Having it all is a lot of work.
A young Kanye West once summed it up when he wrote “I don’t know what’s better, getting laid or getting paid, I just know that when I’m getting one the other’s getting away.”
A mentor of mine from the RMT named Mark Peysha, a brilliant coach, always talks about what he calls the “one push-up workout.”
A one push-up workout sounds like a ridiculous workout and to some extent it is. After all, you’re not going to build a ton of muscle definition and strength by getting down and doing one push-up.
However, it is an amazing tool for you to overcome your own personal inertia and your inability to “chunk” activities you don’t want to do. Afterall, when you’re hungry, you don’t focus on the difficulty of eating, you just grab something out of the fridge or call a friend and go to your favorite restaurant.
When you’re thinking about doing something new or something you don’t like it’s way different. Working out has like a million steps that you get hung up on: finding a gym or a workout program, changing your clothes, showering, washing your clothes, going to the gym after you find it, meeting new people at the gym, getting sold a gym membership, and a million other steps and barriers your brain will throw up in front of you to keep you from working out.
Do you find yourself being too empathetic to the point that other people’s problems are bringing you down with them?
Maybe you find yourself too caught up in your own feelings to see someone else’s?
Or maybe you can only see things coldly - like a third party not really involved in anything.
If any of these statements apply to you, then you’re probably stuck in one of the 3 perceptual positions. Once you understand this mental tool, you’ll no longer be a victim of your brain’s faulty default setting, but instead you’ll be capable of easily shifting to whatever position the situation demands.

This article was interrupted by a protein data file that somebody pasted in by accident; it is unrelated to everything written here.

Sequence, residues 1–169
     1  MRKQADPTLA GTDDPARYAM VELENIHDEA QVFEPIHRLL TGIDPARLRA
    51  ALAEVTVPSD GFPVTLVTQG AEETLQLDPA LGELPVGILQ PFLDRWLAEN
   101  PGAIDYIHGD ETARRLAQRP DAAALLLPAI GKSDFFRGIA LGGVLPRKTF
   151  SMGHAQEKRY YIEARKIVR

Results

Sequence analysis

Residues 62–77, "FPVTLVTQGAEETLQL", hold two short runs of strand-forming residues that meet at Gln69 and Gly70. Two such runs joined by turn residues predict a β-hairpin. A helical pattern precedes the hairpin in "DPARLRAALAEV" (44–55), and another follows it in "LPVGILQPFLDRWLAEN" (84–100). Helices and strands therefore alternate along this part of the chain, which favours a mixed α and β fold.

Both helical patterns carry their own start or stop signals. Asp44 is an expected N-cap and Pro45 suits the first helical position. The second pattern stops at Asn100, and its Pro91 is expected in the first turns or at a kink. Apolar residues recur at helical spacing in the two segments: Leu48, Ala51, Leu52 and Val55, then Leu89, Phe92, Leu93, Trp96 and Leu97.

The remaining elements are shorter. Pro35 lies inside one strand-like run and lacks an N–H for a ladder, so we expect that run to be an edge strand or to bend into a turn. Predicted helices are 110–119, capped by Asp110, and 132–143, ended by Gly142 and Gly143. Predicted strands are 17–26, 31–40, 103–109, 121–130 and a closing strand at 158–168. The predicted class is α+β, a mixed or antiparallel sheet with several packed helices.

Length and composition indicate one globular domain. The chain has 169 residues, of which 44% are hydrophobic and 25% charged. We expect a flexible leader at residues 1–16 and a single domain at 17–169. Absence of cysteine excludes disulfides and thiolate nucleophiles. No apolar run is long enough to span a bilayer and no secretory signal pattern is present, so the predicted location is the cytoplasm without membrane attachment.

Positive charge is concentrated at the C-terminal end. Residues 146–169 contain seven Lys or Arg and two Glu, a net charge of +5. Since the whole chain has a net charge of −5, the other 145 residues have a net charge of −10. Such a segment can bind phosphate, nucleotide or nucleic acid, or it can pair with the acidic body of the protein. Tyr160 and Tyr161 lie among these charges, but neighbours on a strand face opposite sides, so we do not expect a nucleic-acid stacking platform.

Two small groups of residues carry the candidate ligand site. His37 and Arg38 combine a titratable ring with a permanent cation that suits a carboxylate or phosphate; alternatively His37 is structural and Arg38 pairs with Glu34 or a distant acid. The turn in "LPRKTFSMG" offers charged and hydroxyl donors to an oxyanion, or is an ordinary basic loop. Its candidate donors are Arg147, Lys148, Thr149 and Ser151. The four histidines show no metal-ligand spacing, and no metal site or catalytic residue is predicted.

Every one of us switches between one of three different viewpoints in the world - some do it better than others. The self, the other, or the observer.
Sports resonate with us because they are a metaphor for our lives with heightened drama and an in your face immediacy.
All the good and bad of life is mixed right into the sports that captivate the world’s attention - ups and downs, failure, success, heartbreak, teamwork, competition, excellence, hard work, a beginning and an end, and anything else you could think of…
Whether or not you like football - this is important.
The memories that impact you the most are memories that you can step into all over again. When you think about them, it's like you're reliving the experience and not simply watching it from afar.
This is called an associated memory.
If you've never taken control of your mind, your default setting is to make your traumatic memories associated ones. Your brain is designed for survival so it wants you to really live with the things that hurt you. This is ideal for running from lions or wooly mammoths, but not necessarily optimal for giving a great PowerPoint presentation at work or connecting with your spouse.
The best moments of your life, you will remember from a distance, like you're watching a movie instead of living it. Almost like it is a pleasant thing that is happening to someone else.
I can't say enough how powerful a tool it is to change this pattern - disassociate from your traumatic memories and associate your happiest moments.
I challenge you today to go back to a great memory - could be your wedding, a moment where you were flowing at work and commanding the room, or even an incredible sexual experience - and see it all again from your own first person perspective.
This will put you in touch with the most positive states you've experienced and change how you experience the rest of your day and ultimately will help you tap into the best version of yourself.